Your album titles often act like a referee to other bands and even to poets like Heinrich Heine – what the goal behind this? You want to give your fans a line on something?
Matthias Voigt: Yes, of course. There are listeners who only care about the music and not about the lyrics and that’s fine, but for all the other people we want to deliver something interesting and something that makes them think if they want so.
In your lyrics you fight against racism, fascism, you deal with political problems and you often proclaim a better treatment of the environment. How does such ambitious content work together with the entertaining part of your job?
Matthias Voigt: We think it’s working well together. The shows are more about the entertaining part and you won’t hear us preaching on stage. People are there to have fun and if you start a 10-minute monolog, they will get bored and they will stop paying attention after a very short time already. To us, the stage is not to right place to discuss. People who are interested, will read the lyrics or start getting in touch with us to talk about some things. That’s happing after and before the shows but also via e-mail. We think that you can’t force people to deal with certain issues. You can only offer something and they will decide the rest. If you’re preaching, people won’t listen to you anymore and they won’t discuss. That’s at least our experience.
The image of a Metal guy is still often an angry and hard one – how is Heaven Shall Burn in private? What are you doing on your free weekends? And is it special to be in a Metal band and also being a vegan?
Matthias Voigt: We’re just average guys. On weekends we spend time with friends, we go to the football stadium or to shows, we do sports or we’re just lazy or being with our girlfriends. Nothing different from most people. To me it’s not so special to play in a Metal band. Many of the people that I’m in touch with, are doing that. The same about veganism. Many people that are surrounding us are vegans or vegetarian and so we’re not different from them. To be a vegan is also much easier now than it was 15 years ago. Even if you go out with non-vegan friends, it’s not a big deal to find a restaurant that offers something for everyone. We don’t even have to think that much about being vegans anymore. It’s just a part of our lives and things are much easier now.
And do you still live in the countryside of Saalfeld in Thuringia? If yes – what makes it special?
Matthias Voigt: We live in different places, but rehearse in Saalfeld. The place where I’m living right now is even smaller than you can imagine…hehe. I think 500 people are living here, but it’s fine for me. It’s calm, but at the same time, everything is close. If you need something, you need to drive 10 minutes and at the same time you just leave the house and the nature is surrounding you. I used to live in a bigger city for 8 or 9 years, but live here is much more comfortable. Three of us are living in Saalfeld and they also like to be there…they have their jobs, nature is close as well and, of course, many friends are living there as well.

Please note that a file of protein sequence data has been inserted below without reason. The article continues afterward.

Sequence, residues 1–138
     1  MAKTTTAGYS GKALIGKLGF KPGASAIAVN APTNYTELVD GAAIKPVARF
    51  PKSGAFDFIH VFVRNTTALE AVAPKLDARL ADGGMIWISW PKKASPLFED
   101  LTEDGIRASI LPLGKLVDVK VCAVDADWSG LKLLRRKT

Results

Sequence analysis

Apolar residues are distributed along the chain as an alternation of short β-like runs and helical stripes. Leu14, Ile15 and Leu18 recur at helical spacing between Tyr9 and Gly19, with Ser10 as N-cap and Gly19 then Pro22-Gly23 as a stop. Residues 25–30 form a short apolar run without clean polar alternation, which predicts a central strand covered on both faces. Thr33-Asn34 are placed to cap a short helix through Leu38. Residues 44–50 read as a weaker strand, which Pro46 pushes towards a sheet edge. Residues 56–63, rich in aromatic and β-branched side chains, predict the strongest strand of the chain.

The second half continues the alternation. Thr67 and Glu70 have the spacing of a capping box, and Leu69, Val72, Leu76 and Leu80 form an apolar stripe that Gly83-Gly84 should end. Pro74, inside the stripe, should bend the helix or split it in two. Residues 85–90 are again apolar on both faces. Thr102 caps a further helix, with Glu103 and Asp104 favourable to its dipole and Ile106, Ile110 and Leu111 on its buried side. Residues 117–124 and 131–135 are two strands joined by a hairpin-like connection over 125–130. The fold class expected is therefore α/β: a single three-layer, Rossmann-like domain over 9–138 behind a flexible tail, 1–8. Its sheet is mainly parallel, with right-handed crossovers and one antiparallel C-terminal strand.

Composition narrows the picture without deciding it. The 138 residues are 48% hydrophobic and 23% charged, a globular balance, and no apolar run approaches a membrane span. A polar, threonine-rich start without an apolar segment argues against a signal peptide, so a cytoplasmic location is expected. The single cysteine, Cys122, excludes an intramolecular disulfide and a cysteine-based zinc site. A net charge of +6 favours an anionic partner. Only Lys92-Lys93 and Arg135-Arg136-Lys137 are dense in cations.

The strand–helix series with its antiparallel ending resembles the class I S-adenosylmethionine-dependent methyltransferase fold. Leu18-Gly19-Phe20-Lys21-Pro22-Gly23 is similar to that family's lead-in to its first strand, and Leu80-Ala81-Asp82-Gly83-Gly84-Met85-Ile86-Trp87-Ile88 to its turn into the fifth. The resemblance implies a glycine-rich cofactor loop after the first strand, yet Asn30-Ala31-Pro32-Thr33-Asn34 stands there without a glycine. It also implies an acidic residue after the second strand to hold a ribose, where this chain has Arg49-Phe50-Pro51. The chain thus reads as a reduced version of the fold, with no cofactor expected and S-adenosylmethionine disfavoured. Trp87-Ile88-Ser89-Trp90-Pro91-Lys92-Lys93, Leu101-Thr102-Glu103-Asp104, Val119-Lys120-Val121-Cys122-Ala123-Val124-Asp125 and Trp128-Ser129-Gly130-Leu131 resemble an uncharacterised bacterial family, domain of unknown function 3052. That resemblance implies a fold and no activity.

When you write songs you think at first on how they will work on stage or is the stage never in your thoughts when you arrange new music?
Matthias Voigt: I think that if we like to play a song, it’s also good for the stage. So there are no thoughts like that…at least not for me. If a song makes you release and spend energy, it also works for the crowd. On the other hand we also write songs that we won’t ever play live. There are songs that are a bit calmer and you won’t ever be able to make them live sounding like on a CD.
Its writen that you are one of the best live bands in the scene – what would you advice to newcomers to get such a reputation?
Matthias Voigt: It’s nice to hear such things, but we only go on stage and play our songs as good as we can. I think if you like the music that you play, you can’t go that wrong on stage. Even if you don’t play every single note 100% accurate, people can see and feel if something is honest and they appreciate that.
You toured several times around the globe – what are the most special countries for you to perform?
Matthias Voigt: I think it’s always good if you play at the other end of the world and people seem to wait for you over there. If they sing along and enjoy the music. I can’t even mention one or two countries that are more special to us than others. But I can say that it’s always special to travel and to play in front of new people. It’s very exciting! It’s like a dream if you are able to travel to South America, Australia, the US or Japan. But that’s not only about playing shows. Deep in our hearts we’re all just tourists…hehehe.
What about the future – do you have any new release plans, collaborations like you once did with the German Metalcore band Caliban or special concerts in in your agenda?
Matthias Voigt: We’re about to start writing a new album very soon, but it won’t be out before 2010. Besides that there are some plans for touring, but nothing is sure yet. So unfortunately we can’t announce anything new at the moment. But if there will be something new, it will be up atHeaven Shall Burn.